There is strong evidence showing that individuals who experienced chronic pain during childhood have chronic pain as adults, but few studies have evaluated the characteristics of pain that persists from childhood through adult years. Researchers from the University of Michigan found that one in six adult pain patients had pain as children or adolescents, and their pain was widespread and neuropathic with psychological comorbidities and decreased function. The findings were reported in The Journal of Pain, a publication of the American Pain Society.
For the study, more than 1,000 patients 18 years and older were evaluated and asked about pain, family history, physical and psychological limitations and treatment history. They also were asked about childhood pain. The authors hypothesized that adult patients who reported having pain in childhood are more likely to experience pain of greater severity that is neuropathic in nature and meets clinical criteria for a diagnosis of fibromyalgia.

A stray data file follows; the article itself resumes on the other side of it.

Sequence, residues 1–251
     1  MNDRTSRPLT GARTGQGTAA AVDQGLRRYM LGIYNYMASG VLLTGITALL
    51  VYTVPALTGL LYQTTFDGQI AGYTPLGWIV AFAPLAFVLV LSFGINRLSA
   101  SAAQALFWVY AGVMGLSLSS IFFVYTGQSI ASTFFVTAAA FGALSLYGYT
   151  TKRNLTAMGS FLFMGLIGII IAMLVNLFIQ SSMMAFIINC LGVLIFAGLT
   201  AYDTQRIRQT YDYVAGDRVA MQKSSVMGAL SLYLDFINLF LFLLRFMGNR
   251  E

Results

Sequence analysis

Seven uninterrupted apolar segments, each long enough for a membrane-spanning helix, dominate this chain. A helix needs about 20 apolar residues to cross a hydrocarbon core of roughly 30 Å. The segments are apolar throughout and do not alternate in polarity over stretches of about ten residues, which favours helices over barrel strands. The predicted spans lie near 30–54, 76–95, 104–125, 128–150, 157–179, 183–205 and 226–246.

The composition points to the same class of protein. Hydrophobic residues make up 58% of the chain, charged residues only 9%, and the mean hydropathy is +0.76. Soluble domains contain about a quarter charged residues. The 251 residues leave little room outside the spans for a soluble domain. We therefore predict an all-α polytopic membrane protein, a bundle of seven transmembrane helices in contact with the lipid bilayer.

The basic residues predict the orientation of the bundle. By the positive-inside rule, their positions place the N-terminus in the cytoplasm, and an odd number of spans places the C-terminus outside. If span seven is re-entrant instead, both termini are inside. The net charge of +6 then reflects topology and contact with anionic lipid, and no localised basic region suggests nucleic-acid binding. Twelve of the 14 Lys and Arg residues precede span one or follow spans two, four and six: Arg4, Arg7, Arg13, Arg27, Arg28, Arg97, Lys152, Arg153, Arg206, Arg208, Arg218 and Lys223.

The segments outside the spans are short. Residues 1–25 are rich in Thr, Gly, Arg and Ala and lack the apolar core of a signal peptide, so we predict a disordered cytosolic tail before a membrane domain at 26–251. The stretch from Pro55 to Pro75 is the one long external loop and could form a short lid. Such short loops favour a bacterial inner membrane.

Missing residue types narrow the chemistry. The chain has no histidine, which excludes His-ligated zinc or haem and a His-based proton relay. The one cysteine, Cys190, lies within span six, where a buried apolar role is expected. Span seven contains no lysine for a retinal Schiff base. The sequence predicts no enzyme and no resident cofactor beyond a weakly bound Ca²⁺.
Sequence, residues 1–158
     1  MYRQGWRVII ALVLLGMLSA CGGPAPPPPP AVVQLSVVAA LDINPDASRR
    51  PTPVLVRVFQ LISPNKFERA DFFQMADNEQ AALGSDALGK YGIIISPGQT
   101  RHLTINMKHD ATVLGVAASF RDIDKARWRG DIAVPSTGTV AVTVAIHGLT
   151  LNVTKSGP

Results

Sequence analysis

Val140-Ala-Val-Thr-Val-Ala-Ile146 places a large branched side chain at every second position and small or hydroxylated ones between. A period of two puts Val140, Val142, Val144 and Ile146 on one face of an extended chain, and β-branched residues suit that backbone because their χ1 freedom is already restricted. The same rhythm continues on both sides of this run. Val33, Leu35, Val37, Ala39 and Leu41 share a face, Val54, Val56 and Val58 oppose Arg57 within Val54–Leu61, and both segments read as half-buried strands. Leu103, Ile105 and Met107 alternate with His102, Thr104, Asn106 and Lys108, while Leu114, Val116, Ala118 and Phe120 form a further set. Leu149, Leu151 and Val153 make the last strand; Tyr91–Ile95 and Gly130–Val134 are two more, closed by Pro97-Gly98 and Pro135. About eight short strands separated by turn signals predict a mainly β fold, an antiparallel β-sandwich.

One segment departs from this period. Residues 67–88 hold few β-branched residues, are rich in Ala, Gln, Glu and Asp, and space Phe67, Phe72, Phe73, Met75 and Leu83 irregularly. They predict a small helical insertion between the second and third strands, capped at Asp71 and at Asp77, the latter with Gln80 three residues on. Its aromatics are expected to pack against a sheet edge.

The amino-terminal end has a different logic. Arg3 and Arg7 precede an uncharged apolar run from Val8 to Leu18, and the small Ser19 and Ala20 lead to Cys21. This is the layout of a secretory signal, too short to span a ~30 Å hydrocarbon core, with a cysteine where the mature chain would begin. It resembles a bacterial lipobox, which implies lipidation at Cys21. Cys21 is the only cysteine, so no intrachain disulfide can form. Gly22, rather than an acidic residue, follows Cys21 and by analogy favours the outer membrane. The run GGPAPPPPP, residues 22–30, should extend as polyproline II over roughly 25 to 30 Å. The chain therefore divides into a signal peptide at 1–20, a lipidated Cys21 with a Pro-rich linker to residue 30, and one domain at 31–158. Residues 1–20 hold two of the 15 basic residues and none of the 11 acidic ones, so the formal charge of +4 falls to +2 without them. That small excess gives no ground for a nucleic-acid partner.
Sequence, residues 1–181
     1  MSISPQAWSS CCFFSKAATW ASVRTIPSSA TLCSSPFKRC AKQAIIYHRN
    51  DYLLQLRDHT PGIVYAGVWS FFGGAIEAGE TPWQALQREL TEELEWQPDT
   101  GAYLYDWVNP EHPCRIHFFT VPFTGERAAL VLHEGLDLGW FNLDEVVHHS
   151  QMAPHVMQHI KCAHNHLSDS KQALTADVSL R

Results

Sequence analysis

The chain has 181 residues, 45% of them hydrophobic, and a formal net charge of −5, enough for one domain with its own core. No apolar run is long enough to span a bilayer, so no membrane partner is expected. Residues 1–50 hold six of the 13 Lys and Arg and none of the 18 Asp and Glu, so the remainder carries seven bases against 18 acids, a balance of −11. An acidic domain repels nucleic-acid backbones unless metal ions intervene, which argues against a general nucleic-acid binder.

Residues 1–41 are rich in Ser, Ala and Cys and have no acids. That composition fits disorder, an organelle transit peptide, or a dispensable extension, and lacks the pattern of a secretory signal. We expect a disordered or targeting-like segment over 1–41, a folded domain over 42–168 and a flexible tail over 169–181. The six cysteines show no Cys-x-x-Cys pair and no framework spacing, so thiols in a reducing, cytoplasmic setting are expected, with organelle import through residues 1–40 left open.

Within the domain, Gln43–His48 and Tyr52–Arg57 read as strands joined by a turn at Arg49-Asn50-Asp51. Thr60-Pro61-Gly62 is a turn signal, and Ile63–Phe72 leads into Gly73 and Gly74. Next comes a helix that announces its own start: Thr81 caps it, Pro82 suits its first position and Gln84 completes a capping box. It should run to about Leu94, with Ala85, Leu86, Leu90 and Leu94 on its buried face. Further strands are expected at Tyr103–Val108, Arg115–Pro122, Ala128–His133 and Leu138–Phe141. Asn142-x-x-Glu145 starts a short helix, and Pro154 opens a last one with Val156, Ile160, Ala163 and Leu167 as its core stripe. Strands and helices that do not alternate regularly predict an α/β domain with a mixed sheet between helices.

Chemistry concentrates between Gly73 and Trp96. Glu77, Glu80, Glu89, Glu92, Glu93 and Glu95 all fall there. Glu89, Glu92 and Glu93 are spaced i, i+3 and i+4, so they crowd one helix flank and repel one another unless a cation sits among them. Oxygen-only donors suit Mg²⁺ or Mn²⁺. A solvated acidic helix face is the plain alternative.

Results showed that one in six new adult pain patients said they had a history of chronic pain in childhood and they were predominantly young females. Their pain tended to be more widespread, and neuropathic, likely fibromyalgia, in contrast with subjects who denied having childhood pain. Patients who experienced childhood pain also showed higher levels of anxiety and worse functional status.
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